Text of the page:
Neurologic symptoms after great saphenous vein harvesting for coronary artery bypass grafting

A M Budillon, G Zoffoli, F Nicolini, A Agostinelli, S Congiu, C Beghi, T Gherli
Journal of Cardiovascular Surgery 2003, 44 (6): 707-11

AIM: Incidence evaluation of cutaneous neurologic symptoms in the lower limbs as a new event after great saphenous vein (GSV) harvesting for coronary artery bypass grafting (CABG). Each day we harvest the GSV for CABG. Some authors have reported the onset of saphenous neuralgia complex as a new event of which we would evaluate the incidence.

METHODS: From January 2000, until June 2001, 2,091 patients underwent cardiac surgery; 1,326 underwent CABG, 1,227 of them using the GSV as a conduit for almost one graft. These patients were prospectively reviewed; all were preoperatively examined to determine the presence of normal sensation in the lower limbs and elude the presence of saphenous neuralgia. Then, we evaluated sensations in the lower limbs at 5 days, 8 weeks, and 5 months after operation to determine the new onset of saphenous neuralgia. The areas of sensory loss were recorded each time and reported in a diagram to obtain 3 areas.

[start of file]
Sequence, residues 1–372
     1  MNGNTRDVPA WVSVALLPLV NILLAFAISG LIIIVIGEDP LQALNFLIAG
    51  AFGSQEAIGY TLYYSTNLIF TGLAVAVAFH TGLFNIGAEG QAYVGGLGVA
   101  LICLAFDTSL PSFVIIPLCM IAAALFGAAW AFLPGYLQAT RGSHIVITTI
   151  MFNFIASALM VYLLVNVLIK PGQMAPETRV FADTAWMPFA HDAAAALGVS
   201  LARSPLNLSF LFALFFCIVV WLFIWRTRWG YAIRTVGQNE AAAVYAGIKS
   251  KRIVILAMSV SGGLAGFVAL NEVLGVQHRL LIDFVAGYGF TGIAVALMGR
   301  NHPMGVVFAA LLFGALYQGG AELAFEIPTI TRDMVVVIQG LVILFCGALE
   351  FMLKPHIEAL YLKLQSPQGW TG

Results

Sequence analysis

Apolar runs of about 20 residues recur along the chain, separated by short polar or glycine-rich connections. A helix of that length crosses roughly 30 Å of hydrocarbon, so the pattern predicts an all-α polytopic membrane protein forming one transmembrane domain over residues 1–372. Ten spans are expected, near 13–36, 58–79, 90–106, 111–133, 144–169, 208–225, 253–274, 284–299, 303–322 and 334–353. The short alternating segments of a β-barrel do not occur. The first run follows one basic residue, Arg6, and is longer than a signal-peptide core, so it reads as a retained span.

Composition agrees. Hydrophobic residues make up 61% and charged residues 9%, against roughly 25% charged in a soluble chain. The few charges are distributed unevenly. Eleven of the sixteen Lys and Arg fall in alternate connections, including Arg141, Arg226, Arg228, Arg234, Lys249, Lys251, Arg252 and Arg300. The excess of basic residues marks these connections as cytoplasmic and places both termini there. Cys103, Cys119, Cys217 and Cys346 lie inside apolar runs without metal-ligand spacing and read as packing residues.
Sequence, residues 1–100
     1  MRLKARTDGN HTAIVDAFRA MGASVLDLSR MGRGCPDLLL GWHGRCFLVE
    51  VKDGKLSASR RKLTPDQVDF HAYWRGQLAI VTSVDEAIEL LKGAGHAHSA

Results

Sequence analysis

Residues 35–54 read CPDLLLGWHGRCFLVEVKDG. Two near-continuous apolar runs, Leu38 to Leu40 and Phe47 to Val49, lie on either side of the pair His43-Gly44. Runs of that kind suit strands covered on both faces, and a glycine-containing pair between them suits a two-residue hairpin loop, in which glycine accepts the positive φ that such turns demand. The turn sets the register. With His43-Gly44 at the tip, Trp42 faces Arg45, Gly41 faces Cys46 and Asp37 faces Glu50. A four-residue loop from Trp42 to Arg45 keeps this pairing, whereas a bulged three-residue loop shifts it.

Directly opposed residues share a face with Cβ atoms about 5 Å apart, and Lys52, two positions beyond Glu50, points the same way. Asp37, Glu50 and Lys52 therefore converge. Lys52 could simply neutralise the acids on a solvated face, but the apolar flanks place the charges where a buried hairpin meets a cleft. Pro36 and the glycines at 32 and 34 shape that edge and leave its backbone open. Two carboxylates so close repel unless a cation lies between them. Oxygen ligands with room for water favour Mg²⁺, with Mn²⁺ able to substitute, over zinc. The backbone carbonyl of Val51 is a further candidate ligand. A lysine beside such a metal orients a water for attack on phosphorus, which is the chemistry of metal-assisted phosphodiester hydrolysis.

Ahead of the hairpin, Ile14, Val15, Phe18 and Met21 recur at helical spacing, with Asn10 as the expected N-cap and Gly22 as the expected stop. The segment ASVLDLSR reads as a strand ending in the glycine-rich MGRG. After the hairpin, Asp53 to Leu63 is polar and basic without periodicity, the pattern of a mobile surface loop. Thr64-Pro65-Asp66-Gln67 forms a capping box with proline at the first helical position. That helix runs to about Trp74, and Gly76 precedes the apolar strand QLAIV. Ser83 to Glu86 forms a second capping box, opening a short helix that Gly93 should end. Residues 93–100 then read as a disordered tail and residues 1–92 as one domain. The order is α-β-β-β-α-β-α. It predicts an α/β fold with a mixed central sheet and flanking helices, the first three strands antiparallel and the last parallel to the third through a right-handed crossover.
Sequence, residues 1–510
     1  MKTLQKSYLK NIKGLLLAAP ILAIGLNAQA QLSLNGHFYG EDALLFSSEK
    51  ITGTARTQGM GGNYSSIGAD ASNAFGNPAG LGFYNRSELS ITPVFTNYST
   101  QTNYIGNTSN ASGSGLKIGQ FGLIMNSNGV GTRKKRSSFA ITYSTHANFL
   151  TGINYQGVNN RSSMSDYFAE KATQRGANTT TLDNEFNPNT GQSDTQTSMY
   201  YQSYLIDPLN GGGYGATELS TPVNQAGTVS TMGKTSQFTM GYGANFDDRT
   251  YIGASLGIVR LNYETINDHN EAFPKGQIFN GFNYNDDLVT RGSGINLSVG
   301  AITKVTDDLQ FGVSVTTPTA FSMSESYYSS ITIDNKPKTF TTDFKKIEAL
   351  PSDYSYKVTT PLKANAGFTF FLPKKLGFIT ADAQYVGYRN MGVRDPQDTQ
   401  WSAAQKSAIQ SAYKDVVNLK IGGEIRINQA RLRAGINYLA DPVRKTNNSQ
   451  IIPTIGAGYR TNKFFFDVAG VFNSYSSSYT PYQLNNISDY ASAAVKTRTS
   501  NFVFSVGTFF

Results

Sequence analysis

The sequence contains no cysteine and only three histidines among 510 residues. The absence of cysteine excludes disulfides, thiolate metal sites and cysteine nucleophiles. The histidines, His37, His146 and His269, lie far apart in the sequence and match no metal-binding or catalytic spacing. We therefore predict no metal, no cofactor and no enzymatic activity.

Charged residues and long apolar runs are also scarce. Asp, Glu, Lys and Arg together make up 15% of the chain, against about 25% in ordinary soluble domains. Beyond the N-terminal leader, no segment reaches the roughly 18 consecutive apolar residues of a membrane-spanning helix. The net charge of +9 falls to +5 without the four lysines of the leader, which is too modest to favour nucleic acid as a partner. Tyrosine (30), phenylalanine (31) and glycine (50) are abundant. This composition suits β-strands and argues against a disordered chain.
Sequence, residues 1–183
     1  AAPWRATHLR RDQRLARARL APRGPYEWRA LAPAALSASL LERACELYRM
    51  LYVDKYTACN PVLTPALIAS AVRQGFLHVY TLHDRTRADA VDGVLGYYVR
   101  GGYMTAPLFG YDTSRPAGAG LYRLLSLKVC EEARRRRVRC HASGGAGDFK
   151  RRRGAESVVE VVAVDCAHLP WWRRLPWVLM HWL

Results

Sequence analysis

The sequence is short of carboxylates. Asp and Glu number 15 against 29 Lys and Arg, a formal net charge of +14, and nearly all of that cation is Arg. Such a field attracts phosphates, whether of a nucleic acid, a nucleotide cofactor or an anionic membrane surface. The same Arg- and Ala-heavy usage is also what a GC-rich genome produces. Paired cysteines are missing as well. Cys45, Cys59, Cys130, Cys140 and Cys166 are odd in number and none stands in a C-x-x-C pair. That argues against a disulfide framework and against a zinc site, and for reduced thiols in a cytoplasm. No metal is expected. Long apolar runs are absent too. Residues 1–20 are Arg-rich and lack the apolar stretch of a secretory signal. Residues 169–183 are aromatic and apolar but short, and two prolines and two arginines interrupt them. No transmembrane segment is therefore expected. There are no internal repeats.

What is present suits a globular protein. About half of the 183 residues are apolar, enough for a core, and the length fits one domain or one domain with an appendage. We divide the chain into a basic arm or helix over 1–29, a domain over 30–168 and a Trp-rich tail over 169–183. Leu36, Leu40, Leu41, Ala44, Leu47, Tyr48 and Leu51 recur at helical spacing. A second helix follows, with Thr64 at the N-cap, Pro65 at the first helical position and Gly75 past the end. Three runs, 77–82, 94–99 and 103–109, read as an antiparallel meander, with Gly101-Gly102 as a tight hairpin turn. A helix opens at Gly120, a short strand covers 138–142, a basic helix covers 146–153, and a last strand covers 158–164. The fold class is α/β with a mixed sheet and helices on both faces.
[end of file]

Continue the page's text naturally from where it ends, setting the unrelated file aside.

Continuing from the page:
RESULTS: Hyperaesthesia and pain were noted in a few patients, especially at 5 days and 8 weeks control, but at 5 months none of them complained of real pain.

CONCLUSION: This study demonstrates that saphenous neuralgia after harvesting the GSV for CABG is a rare consequence. The main symptom is anaesthesia but its duration is generally no longer than 2 months. Hyperaesthesia and pain, for the early onset and the early disappearance, are considered as a normal consequence of surgical procedure.

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